Perhaps, however the most interesting feature of the clubs is a stamped device which every one of them bears.  The apparently black colour matter used in the impression has grown very dim and much defaced but as it has been repeated forty -four times over the cubs its details are certain.  Essentially it consists of a figure whose outline may be descried as a rhombus with the obtuse angels rounded, or an ellipse with the ends run to a point, containing a series of characters.  In the upper angle there is a royal crown, in the lower a Scotch thistle, in the middle between those emblems a five-rayed star, on the left-hand side of the star the letter I (which may stand for J), and on the right-hand side f the start the letter C.  The specific characters are isolated and of he natural colour of the wood, while the ground was black, so that the figure must have been impressed by stamping and not be stenciling - a common form of mechanical reproduction in the early days  The outline of the characters is crude and irregular. In the case of the wooden clubs the imprint is placed on the head where the name of the make is now found and in the case of the irons it is placed on the shaft adjacent to the grip.  On each of the wooden clubs the figure is repeated six times, so as to imitate the general shape of the original, and on the iron clubs four times with the same intent.  What relationship this combination of letters and symbols bears to the clubs, whether it denotes ownership or identifies the maker, cannot be said with certainty; but is may be assumed that the letters do represent the name of the maker, and that the symbols may denote a special permission on the part of one or other of the Kings of Scotland, equivalent to a monopoly of the kid that is granted to certain tradesmen of today in the use of the royal arms.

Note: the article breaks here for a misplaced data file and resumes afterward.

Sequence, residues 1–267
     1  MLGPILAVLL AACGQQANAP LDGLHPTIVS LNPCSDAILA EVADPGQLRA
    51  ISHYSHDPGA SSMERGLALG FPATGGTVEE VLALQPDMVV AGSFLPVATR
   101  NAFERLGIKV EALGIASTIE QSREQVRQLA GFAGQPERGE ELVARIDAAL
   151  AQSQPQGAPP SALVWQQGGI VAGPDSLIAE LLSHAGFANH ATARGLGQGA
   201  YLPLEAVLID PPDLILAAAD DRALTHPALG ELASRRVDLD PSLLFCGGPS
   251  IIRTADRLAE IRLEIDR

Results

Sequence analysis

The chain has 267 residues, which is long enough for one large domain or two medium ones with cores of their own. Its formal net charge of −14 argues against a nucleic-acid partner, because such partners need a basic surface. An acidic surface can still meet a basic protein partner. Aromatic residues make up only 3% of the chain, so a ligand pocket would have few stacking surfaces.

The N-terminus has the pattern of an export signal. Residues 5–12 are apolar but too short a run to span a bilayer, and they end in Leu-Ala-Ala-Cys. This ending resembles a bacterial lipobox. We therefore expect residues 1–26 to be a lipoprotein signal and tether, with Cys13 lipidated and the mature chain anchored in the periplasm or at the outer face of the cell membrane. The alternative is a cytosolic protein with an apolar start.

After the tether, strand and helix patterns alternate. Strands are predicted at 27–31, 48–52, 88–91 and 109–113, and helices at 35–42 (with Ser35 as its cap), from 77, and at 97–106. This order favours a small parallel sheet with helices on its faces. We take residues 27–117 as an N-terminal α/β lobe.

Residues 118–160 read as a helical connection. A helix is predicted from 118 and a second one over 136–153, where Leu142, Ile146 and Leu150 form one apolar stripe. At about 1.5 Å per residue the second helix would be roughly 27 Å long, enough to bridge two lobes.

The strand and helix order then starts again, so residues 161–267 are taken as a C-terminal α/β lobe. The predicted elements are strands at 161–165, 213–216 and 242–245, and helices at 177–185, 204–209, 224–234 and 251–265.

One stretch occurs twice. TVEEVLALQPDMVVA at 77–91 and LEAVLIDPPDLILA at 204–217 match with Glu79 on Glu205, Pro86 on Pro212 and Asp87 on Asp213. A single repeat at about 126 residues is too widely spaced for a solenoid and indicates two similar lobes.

The Stuart Thistle             Drawing of lozenge                Coin of James 1


The conclusions reached above were challenged by Alastair and James Johnston in their indispensable work The Chronicles of Golf; 1457-1857 (see 1741, pages 186-189) where they wrote as follows:

On the latter point, most of today's golf historians would exercise more caution in postulating such a theory.  No monarch since James II was deposed in 1688 has shown any propensity for golf.  It is unlikely that the office of Royal Clubmaker, which we know was first established in 1602 and was still in existence in 1669, survived until the 1740's  What is intriguing, however, is the coupling within the motif, of the Crown (representative of the reigning monarch) and the Thistle (symbol of Scotland). However the Kingdom of Scotland as an independent preserve dissolved in 1603 with the Union of the Crowns.  Dare we speculate that the date of manufacture of these clubs, portraying a stamp or royal approval or licensed under the King's prerogative, could be attributed to a period before 1603?  The suggestion by The Times that the markings recognized a trade monopoly of some kind is also unfounded as we have found no historical record of any exclusive privilege being granted to any particular club maker.  We have also happened upon and identified several club makers in the 17th and 18th centuries, with no allusion to any of them having been awarded any particular protected right in pursuing their trade.